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Courtesy of Chanel

This is nothing new in the world of fashion, however, and Lagerfeld is not alone. It is a unique yet consistent paradox as season after season, designers seek future inspiration from the glimmering past. Perhaps, it’s the one prevailing trend of the fashion industry, the sole trend that never seems to fade away.

But in recent years, this trend has been stronger than ever with designers attempting to escape the disarray of the 21st century by reverting back to fads and styles of the “good old days”.

Chanel’s Spring/Summer 2017 show could not have better represented this inclination with the opening looks of black and white tweed skirt suits, two clever reinterpretations of those filed in the 1994 Spring Ready-to-Wear Collection.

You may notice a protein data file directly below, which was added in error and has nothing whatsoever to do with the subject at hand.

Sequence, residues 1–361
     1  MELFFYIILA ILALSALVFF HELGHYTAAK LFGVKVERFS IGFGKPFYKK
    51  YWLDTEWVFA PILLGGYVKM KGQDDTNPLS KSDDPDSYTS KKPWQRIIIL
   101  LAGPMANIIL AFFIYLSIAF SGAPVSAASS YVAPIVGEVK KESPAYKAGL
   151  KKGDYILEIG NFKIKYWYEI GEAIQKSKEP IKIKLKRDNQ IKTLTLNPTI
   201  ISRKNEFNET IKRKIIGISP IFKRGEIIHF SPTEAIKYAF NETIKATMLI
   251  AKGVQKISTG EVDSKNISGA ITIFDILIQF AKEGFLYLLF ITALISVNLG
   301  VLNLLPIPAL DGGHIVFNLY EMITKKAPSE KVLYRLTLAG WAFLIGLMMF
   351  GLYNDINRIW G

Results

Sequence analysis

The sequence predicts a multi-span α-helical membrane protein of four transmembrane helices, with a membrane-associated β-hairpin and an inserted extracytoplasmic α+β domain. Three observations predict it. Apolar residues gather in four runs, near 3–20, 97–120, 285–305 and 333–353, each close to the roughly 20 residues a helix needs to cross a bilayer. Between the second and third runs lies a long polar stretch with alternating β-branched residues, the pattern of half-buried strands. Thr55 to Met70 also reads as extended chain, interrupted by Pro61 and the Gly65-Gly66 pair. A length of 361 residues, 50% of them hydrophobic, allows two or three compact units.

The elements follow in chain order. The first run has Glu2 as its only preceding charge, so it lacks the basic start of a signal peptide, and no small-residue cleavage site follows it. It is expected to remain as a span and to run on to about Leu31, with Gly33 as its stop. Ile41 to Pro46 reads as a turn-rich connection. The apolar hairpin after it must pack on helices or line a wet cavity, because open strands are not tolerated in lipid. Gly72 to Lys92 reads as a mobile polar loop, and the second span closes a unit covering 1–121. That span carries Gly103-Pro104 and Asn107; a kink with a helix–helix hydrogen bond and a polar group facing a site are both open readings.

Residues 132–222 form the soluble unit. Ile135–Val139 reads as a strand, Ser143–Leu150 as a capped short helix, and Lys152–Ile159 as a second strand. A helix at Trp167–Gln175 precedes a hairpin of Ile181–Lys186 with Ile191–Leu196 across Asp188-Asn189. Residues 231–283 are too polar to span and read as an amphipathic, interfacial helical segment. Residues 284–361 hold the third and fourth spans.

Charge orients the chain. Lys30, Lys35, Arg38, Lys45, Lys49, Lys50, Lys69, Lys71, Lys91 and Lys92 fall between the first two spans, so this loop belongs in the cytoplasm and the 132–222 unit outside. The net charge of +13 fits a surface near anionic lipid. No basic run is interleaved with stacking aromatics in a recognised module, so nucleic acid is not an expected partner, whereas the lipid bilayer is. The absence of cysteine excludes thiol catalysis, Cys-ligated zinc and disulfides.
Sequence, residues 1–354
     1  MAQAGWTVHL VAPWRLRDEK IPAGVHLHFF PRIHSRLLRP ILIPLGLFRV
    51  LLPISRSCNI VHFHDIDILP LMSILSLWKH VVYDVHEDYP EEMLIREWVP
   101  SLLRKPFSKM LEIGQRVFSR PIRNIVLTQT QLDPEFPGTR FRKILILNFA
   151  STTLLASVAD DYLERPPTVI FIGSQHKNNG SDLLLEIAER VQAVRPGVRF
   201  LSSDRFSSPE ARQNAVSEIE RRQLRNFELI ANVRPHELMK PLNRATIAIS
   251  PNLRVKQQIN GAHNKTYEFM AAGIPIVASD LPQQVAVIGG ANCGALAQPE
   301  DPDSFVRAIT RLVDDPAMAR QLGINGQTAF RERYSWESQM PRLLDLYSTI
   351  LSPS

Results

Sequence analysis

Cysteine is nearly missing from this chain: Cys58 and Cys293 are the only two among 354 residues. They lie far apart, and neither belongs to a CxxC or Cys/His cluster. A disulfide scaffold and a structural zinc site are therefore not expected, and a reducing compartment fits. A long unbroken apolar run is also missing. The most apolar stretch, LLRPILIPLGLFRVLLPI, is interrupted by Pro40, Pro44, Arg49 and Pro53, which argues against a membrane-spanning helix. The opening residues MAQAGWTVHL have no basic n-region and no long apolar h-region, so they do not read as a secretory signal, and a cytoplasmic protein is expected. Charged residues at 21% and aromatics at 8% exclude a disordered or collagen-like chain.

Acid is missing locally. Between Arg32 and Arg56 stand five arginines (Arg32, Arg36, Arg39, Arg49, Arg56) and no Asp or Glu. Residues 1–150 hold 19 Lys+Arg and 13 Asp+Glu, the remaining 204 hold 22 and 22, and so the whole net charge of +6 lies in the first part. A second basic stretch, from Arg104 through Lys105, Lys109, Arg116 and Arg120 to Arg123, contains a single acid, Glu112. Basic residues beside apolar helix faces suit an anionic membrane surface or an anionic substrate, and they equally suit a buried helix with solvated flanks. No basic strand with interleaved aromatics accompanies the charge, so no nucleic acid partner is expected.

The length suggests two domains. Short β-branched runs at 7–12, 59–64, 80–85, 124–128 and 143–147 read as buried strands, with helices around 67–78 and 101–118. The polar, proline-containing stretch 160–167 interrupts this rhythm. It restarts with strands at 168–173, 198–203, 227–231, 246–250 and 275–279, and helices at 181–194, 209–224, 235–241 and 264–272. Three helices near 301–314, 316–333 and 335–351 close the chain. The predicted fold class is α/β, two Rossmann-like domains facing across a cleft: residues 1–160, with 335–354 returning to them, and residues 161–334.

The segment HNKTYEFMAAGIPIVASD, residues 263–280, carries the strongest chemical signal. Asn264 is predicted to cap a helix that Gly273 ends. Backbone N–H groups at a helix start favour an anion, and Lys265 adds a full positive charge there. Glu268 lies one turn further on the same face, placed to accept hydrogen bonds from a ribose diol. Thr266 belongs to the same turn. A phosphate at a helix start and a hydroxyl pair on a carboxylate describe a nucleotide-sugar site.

Chanel Spring 1994 Ready-to-Wear Courtesy of Vogue

VS.

Chanel Spring 2017 Ready-to-Wear Courtesy of Chanel

While the abundance of wires and circuit boards hinted at the high-tech atmosphere of the 21st century, the technological backdrop was a mere distraction from the rather low-tech, brilliant classicism of the collection’s software.

A similar scene was set at Prada’s Spring/Summer 2017 show, in which Miuccia Prada sent models down a metal mesh runway, surrounded by the sounds of alarming violins and screens displaying excerpts from a film playing backward and forward. It was a rather chaotic scene.

Courtesy of Vogue